“We’re not going to take any chances. He’s throwing good. Those (injuries) are nothing to mess with. Luckily it wasn’t real bad. I think he feels good about it. He could probably pitch, but we’re not going to take a chance.”
The Braves hope that by having Wisler skip one start, he can get healthy and still make four starts before the season ends, building on his recent momentum.
“It’s just going to take some time, I think,” Wisler said Saturday, a day after expressing hope that he’d be allowed to pitch Monday. Discussions with team officials in the interim had brought him around to their way of thinking on the matter.
“I can’t rush it, I can’t do anything crazy,” he said. “It’s got to heal completely before (I pitch). Especially with five starts left regardless; I’d rather make four than try to make (next scheduled one) and blow out and miss the rest of the season. It’s just a patient process at the moment, take it day by day, see how the body reacts and whenever it’s ready, go back and make a start.”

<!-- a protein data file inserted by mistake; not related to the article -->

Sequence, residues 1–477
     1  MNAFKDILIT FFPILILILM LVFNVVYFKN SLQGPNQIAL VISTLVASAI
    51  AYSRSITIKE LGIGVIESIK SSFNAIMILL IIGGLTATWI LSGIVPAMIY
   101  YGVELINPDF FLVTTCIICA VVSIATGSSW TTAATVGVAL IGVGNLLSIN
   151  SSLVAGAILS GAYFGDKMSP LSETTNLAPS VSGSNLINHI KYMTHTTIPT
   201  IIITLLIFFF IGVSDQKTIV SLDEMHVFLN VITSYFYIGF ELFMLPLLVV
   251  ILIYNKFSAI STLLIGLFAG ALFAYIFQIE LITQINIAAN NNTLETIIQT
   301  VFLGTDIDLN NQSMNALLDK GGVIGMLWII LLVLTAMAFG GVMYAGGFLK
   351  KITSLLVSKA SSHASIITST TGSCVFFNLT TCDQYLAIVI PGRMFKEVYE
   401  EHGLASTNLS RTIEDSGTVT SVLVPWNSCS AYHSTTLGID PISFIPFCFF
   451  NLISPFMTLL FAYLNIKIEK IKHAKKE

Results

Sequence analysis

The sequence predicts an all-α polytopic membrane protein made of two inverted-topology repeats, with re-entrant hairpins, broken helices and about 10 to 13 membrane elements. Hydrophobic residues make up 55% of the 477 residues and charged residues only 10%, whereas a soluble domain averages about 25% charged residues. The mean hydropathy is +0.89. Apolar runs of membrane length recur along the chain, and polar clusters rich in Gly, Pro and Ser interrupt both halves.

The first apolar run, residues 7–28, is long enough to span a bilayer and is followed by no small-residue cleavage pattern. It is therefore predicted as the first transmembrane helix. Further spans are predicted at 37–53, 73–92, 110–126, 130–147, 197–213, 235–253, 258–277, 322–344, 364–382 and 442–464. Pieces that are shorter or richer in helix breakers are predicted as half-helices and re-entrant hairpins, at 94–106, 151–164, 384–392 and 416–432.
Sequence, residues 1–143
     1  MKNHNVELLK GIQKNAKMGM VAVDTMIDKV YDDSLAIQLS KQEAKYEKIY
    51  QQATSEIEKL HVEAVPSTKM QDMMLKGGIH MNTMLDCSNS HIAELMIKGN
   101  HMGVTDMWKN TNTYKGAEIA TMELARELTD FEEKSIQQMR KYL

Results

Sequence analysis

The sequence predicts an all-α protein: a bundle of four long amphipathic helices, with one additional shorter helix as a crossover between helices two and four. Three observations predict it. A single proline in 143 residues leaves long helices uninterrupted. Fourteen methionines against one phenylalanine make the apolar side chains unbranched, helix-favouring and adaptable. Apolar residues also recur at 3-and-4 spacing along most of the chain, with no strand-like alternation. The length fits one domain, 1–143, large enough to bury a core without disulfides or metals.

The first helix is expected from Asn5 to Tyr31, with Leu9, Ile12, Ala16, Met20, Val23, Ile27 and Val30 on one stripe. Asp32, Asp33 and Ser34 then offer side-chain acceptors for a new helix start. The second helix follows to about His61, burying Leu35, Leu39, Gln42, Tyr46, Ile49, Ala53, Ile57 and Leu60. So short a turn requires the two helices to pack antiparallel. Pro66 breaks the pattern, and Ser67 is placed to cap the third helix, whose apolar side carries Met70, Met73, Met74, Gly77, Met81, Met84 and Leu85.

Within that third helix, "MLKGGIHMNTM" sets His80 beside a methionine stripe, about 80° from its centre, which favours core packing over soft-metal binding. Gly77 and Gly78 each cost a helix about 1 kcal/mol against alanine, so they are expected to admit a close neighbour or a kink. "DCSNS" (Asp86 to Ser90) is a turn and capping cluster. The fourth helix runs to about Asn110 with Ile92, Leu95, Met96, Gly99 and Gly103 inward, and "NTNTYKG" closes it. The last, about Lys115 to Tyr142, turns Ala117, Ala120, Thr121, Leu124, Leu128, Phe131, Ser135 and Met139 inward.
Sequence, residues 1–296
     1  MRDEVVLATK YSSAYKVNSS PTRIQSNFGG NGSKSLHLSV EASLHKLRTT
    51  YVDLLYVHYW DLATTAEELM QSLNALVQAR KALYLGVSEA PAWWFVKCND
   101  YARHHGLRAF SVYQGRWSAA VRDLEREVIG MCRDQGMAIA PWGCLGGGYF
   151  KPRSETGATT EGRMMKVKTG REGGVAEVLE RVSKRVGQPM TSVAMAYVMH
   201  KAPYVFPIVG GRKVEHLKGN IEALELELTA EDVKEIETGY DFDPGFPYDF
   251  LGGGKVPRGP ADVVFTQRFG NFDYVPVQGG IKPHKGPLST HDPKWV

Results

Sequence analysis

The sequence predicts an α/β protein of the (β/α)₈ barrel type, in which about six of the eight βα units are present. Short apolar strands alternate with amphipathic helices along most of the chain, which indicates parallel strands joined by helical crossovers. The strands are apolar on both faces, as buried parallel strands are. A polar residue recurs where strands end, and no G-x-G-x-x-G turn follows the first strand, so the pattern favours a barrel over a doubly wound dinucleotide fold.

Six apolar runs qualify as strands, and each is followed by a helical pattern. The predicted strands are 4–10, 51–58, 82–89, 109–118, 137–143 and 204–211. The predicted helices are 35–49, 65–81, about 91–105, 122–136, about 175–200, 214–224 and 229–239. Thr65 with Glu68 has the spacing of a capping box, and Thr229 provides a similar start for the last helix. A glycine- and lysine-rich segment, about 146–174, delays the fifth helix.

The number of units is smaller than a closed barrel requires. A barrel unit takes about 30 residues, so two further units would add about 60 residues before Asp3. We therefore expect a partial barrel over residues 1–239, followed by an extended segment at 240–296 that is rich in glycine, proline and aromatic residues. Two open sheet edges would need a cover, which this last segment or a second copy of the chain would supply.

Wisler has been outstanding in two starts since returning from a four-week stint in Triple-A.
He took a no-hitter to the seventh inning and gave up two hits in eight innings ball in his first game back Aug. 25 at Arizona, then allowed four hits, one run and three walks in six innings (110 pitches) in his 10-strikeout game Wednesday.
Wisler is 2-0 with a 1.29 ERA and .125 opponents’ average in two starts since returning from Triple-A, after going 2-6 with a 7.71 ERA and .328 opponents’ average in his last 10 starts before being sent down at the end of July.
He said he felt tightness on a fifth-inning pitch Wednesday against the Padres and stayed in the game to pitch the sixth, recording two of his career-high 10 strikeouts in that sixth inning. He didn’t tell anyone about the soreness until afterward.